Book Retailing - Retail 2020 (Article #5)
Who killed the Sony Walkman? Apple iPod. Who killed Kodak Films? Digital Cameras.
There are many such presumptive answers most of us carry, mostly opinions I would say. When the iPod was launched in 2003, it was helmed as the most disruptive Music innovation of our times. For, a small device that could be kept inside the coin pocket of a Levi’s Jeans could carry over 1,600 songs in a format created exclusively and patented by Apple. This, compared to an Audio CD which could carry at most, over 300 songs and that too in low audio quality and also needed a player with electricity to play while the iPod merely needed an earphone with a battery charged in advance. No, the iconic iPod didn’t kill the Walkman. Sony failed to innovate, despite having held a leadership position for 3 decades.
Now, let me ask – who killed the Bookstores? Amazon? Flipkart? Guess my response in the previous paragraph would have clarified the position I take while answering this question.
Book stores worldwide and in India are not just a retail outlet but an intrinsic part of the cultural and community fabric of the society. “Do not live in a city which doesn’t have a bookshop”, goes a saying. With less than 10% of Indians using English as a medium to read and communicate daily and an average literacy rate of less than 50% across India after 72 years of gaining Independence, I guess we have a long way to walk as a country. While vernacular books (and the habit of reading is reasonable), this segment of the society is not a voracious reader, thanks to our education system which believes in the habit of mugging answers and not really cultivate the pleasure of reading. I take pride in saying that the erstwhile Madras, now Chennai is perhaps the first city in India to get an organized bookstore in the name and style of “Higginbothams” which still stands an edifice for the retail business of selling books and beyond after a century and a half. With the iconic structure on Mount Road that stands an icon in the city since the 19th Century to the less than 120 sq. ft store which opened earlier this year through the new franchisee who has taken up space at Chennai International Airport, the brand has stood the test of time spanning decades. Alongside came many hundreds of independent bookstores across the country over the past 5 decades or more. Many of them were first time Entrepreneurs who merely opened a bookshop because they didn’t get what they were looking for at other bookstores.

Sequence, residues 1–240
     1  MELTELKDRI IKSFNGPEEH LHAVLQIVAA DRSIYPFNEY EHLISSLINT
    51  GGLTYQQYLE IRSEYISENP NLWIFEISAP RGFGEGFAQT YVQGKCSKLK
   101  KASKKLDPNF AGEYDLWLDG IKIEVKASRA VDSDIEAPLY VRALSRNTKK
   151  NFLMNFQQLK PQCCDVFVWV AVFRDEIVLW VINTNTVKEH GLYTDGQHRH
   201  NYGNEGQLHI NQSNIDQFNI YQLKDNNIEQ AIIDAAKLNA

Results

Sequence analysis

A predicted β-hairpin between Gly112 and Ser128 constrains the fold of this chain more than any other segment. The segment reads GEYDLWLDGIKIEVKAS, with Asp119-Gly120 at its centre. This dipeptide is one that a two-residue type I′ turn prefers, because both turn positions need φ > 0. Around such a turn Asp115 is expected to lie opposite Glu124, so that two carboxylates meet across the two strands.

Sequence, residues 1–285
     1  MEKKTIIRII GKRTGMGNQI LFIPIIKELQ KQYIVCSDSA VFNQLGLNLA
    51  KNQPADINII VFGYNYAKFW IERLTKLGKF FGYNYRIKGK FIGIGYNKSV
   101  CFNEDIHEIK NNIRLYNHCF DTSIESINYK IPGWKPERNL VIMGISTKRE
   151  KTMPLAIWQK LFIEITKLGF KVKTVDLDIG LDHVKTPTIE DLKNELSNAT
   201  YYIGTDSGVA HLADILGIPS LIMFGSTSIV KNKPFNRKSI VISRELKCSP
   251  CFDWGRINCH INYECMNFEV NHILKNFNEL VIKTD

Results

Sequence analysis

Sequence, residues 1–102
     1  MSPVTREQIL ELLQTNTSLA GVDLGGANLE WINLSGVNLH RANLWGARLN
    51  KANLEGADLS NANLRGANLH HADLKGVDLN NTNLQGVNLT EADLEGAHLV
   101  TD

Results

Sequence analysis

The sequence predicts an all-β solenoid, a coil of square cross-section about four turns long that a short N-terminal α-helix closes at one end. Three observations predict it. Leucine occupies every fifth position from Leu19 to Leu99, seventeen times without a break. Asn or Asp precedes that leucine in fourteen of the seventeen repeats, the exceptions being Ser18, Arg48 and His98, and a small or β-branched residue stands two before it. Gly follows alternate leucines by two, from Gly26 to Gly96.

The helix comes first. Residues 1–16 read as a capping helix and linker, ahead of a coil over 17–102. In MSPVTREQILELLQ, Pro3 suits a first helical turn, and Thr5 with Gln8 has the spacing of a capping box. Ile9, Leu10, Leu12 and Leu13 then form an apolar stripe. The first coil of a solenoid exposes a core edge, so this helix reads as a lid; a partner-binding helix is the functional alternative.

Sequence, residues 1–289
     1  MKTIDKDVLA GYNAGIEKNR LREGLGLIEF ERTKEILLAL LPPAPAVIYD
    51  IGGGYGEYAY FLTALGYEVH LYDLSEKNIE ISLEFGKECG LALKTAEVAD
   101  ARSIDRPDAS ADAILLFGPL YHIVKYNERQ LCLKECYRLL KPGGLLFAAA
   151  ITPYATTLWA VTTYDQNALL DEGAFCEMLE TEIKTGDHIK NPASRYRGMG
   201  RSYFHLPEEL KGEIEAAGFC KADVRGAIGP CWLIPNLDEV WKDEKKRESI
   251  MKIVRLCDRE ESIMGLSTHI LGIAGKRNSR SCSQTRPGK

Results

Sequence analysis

Many of these bookstores have, interestingly survived not just the competition from organized book retailers over the past 25 years but also from e-commerce companies who sold books online at insane discounts, at times forgoing their business margins and most recently from E-Publishers led by none other than Amazon through Kindle Direct Publishing. With the onset of Malls around 2002 onwards, almost every one of them would have a bookstore of repute in premium areas. Brands which most Mall rats would remember including Landmark, Crosswords, Odyssey, Oxford Book Store, to name a few were a regular meeting spot to browse, read and buy books of various genres, cults and subjects. While the Tata Group bought the Landmark Retail chain for an estimated Rs. 100 Crores, Odyssey was acquired by Deccan Holdings and went on to become India’s first “retail” brand to be featured on the jersey of a cricket team during the IPL Tournament in 2009. K Raheja Group owned Crossroads, which is part of Shoppers Stop and Hypercity chain (eventually Inorbit Malls as well) commanded premium retail spaces, thanks to the bargaining power of the group.